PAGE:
American crude output held even at a level well below the 2022 peak – and far from pre-pandemic highs – as demand leveled off and recessionary headwinds gathered force both in the United States and globally, the U.S. Energy Information Administration (EIA) said Wednesday.
The government’s snapshot of domestic supply/demand came on the heels of an announcement from OPEC-plus that it plans to cut production in November by 2.0 million b/d.
The cartel has pointed to inflation-driven economic pressure in the United States and Europe as well as coronavirus-related limits on activity in China. Analysts suspected OPEC-plus sought to ease pressure on crude prices after a roughly 30% decline from a 2022 high reached in June.
Bill Farren-Price, director of Enverus Intelligence Research, said the group of oil-producing countries “is back in price defense mode.”
U.S. officials said the OPEC-plus move could stave off global supply/demand balance and reignite oil price hikes that had helped fuel a surge in inflation this year.
“At a time when maintaining a global supply of energy is of paramount importance, this decision will have the most negative impact on lower- and middle-income countries that are already reeling from elevated energy prices,” U.S. National Security Advisor Jake Sullivan and National Economic Council Director Brian Deese, senior aides to President Biden, said in a joint statement.
Biden had lobbied Saudi Arabia, which leads OPEC-plus alongside Russia, to maintain or even increase production to keep downward pressure on oil prices – and, by extension, gasoline prices for American consumers. The president also has encouraged U.S. producers to at least temporarily boost output to help contain inflation and guard against recession.
The White House said Wednesday that U.S. gas prices this week are down about $1.20/gallon from record levels over the summer. But the OPEC-plus decision could reverse the trend.
U.S. oil production for the week ended Sept. 30, meanwhile, held at 12.0 million b/d, on par with the previous week, EIA said in its latest Weekly Petroleum Status Report. That kept output below the 2022 high of 12.2 million b/d and far from the record level of 13.1 million b/d reached in March 2020.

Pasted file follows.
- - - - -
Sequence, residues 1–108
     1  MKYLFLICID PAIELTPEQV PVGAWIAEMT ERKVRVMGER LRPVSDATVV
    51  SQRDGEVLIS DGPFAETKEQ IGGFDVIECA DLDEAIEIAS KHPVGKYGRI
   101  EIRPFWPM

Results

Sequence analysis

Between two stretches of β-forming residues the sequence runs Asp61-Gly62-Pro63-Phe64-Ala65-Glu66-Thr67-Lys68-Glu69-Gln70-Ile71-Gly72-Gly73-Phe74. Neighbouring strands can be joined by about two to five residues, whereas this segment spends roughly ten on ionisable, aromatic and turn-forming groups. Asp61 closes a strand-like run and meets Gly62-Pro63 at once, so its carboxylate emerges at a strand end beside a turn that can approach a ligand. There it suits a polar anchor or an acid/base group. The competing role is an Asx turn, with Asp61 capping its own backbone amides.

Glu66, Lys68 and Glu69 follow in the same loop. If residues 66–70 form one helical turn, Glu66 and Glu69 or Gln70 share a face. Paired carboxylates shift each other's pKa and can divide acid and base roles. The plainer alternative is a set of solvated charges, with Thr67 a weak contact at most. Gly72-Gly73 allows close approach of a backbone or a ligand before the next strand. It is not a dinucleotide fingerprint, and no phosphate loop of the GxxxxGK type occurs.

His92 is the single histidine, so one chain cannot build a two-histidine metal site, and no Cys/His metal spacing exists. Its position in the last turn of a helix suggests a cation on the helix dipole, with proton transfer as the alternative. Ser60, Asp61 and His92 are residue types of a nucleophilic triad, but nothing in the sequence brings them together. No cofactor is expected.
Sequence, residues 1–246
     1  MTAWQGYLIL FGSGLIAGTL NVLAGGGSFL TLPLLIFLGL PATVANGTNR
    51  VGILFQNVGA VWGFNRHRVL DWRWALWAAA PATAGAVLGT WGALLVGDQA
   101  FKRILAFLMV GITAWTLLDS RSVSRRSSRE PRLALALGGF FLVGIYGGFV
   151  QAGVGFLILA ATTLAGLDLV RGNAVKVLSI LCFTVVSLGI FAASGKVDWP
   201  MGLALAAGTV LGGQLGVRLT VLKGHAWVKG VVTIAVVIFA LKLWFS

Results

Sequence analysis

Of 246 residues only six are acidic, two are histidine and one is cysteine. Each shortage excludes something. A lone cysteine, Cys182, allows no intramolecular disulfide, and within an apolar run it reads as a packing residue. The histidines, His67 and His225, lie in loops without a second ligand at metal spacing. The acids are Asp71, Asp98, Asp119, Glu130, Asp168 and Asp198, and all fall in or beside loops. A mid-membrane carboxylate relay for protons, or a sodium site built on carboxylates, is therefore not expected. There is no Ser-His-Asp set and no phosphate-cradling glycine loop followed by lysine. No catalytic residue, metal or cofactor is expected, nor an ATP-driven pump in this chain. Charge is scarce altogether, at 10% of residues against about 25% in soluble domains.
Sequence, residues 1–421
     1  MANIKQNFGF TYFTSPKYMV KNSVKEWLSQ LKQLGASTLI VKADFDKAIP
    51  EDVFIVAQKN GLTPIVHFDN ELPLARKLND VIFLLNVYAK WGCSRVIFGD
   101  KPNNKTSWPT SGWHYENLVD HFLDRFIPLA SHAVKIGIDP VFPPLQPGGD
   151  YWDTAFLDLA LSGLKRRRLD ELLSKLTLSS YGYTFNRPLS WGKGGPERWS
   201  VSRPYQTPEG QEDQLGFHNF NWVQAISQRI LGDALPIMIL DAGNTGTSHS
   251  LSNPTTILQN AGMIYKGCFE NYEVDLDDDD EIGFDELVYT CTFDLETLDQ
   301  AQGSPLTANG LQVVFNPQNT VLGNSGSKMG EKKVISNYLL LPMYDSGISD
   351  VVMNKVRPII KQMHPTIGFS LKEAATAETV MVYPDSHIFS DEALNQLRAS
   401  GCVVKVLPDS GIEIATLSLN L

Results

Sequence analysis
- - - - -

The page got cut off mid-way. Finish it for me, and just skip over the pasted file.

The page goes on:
Demand was also flat week/week at 20.1 million b/d.
Consumption was down from a year earlier. Total petroleum products supplied over the last four-week period averaged 20.0 million b/d, down 4% from the same period last year, according to EIA.
Over the past four weeks, motor gasoline demand averaged 8.8 million b/d, down 4%, and distillate fuel consumption averaged 3.7 million b/d, down 11%. Jet fuel product supplied was up 2% to 1.5 million b/d.
American producers, while more active overall in 2022, have moved with caution when it comes to supply increases because of choppy demand, political pressure to invest in renewable energy and, more recently, the specter of recession.
The Federal Reserve jacked up interest rates several times this year to raise borrowing costs and counter inflation. But the policy also has slowed spending and crimped economic activity. U.S. gross domestic product shrunk slightly in the second quarter. Third quarter estimates are due next month.
Against that backdrop, the American Exploration & Production Council (AXPC) called on Biden to focus less on Saudi production and more on U.S. output by lowering regulatory hurdles that stand before infrastructure investments and increased supplies domestically.
“The Biden Administration should be focused on increasing production here in the U.S. through thoughtful and comprehensive energy policy that helps bring down costs and makes us less reliant on foreign sources,” AXPC CEO Anne Bradbury said.
U.S. commercial crude inventories, excluding those in the Strategic Petroleum Reserve, decreased by 1.4 million bbl last week, EIA said. At 429.2 million bbl, stocks were 3% below the five-year average.
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